Wires crossed at Waituna

| December 7, 2018 | 0 Comments

Seagrass. Ruppia megacarpa v R. polycarpa
By Ken Calvert
16 October 2011

It would seem to me that the authorities controlling the lagoon have got their wires crossed.

They are bemoaning that the lagoon is going to flip, seagrass is dying and algae growth and sediment are taking over.

As I understand it, the reason for declaring Waituna a RAMSAR area was for the migratory birds that pass through it.

However, 18 of the 21 odd migratory species mentioned in that original plea are wading birds that prefer tidal mud flats.

Under the present regime, Waituna lagoon is anything but tidal, being more often than not closed off.

Previously, when the water level hit the mark on Waghorns bridge, farmers were allowed to open the lagoon and reduce the flooding over their properties.

The worst period was the late forties early fifties when The Govt.Lands and Survey began land development and the lagoon nearly flipped. It took nearly two years of open tidal conditions to flush out again and recover without any extra help.

It is very easy to take pictures of cows up to their hocks and shitting in water, when you flood the farmers out!

Yes the dairy industry has quadrupled, yes it does need to improve its control of sediment and pollution, but don’t hang all the blame on them. There have been measures undertaken to change the natural habitat of the lagoon by ‘RAMSAR’ Advocates as well!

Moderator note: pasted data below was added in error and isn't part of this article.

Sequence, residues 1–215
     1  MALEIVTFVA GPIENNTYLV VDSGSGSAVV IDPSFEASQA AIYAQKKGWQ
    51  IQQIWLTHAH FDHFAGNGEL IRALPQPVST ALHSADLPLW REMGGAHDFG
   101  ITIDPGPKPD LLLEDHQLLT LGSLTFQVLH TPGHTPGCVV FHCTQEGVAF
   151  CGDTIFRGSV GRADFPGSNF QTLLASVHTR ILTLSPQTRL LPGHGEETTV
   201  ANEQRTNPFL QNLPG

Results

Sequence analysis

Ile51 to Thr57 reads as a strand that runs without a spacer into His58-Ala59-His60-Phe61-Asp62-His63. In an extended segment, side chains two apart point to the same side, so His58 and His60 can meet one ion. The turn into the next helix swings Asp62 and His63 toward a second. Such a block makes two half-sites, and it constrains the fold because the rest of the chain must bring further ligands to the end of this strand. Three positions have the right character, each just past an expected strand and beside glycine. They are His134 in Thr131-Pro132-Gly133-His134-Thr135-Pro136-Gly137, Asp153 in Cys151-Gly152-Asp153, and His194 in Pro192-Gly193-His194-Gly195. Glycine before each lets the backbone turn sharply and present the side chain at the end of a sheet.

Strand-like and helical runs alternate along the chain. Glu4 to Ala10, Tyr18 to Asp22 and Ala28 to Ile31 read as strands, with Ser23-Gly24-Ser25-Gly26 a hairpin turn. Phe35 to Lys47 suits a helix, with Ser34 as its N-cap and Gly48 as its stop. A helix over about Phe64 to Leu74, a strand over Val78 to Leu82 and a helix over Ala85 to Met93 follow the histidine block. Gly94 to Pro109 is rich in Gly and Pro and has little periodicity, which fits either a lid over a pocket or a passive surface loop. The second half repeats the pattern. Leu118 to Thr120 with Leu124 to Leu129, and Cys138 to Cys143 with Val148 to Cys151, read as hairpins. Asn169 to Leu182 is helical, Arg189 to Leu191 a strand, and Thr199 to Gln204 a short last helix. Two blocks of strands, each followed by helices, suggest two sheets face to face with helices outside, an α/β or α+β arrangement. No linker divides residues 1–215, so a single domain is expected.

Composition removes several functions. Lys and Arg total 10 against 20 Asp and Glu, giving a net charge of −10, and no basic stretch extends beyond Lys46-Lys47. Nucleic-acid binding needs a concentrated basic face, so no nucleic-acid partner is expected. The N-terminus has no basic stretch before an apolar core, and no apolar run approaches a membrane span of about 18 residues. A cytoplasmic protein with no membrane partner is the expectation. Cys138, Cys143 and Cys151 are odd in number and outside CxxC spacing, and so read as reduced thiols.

When the lagoon has been regularly opened on a much more frequent basis, sea run trout and flounder have provided sportsmen with much pleasure, eels could get out to breed, and the migratory wading birds have enjoyed their stop over in a conciliatory habitat with tidal levels held within about 300mm.

Holding the lagoon shut until the water levels become excessive and then letting it all go with a rush and then closing it off again is no way to grow seagrass and keep water levels within a satisfactory mean.

Ruppia megacarpa is the saline deep water species of seagrass that can provide food and habitat for estuarine fauna and keep the water oxygenated. That is the species that we should be encouraging rather than sickening it off in fresh water.

According to es.govt.nz/…/waituna/science:

“On top of increased nutrients and sediment in the lagoon, artificial lagoon opening also places Ruppia under stress, primarily by increasing the frequency of salinity changes and drying out periods.”

This sort of habitat sounds more like R.polycarpa than metacarpa, and as Bachelotia, The algal slime in question, according to ZipcodeZoo.com, grows in the same habitat as the shallow freshwater species of Ruppia, it would seem to me that making the lagoon more rather than less tidal would benefit.

The argument that its Ruppia polycarpa that needs to be encouraged is entirely negated by the large fluctuations in water level that create problems for all the subalpine floral species that don’t mind wet feet but don’t like being drowned.

Drown the cushion bog and what happens to those 80 species of subalpine moths that the RAMSAR was meant to protect?

Drown the salt marsh that is supposed to fringe the bog and what should you expect?

Open the lagoon a lot more often, the deep seagrass will grow better than ever and the varying saline conditions will help to control the algae.

Category: Waituna

About the Author ()

Leave a Reply

Your email address will not be published. Required fields are marked *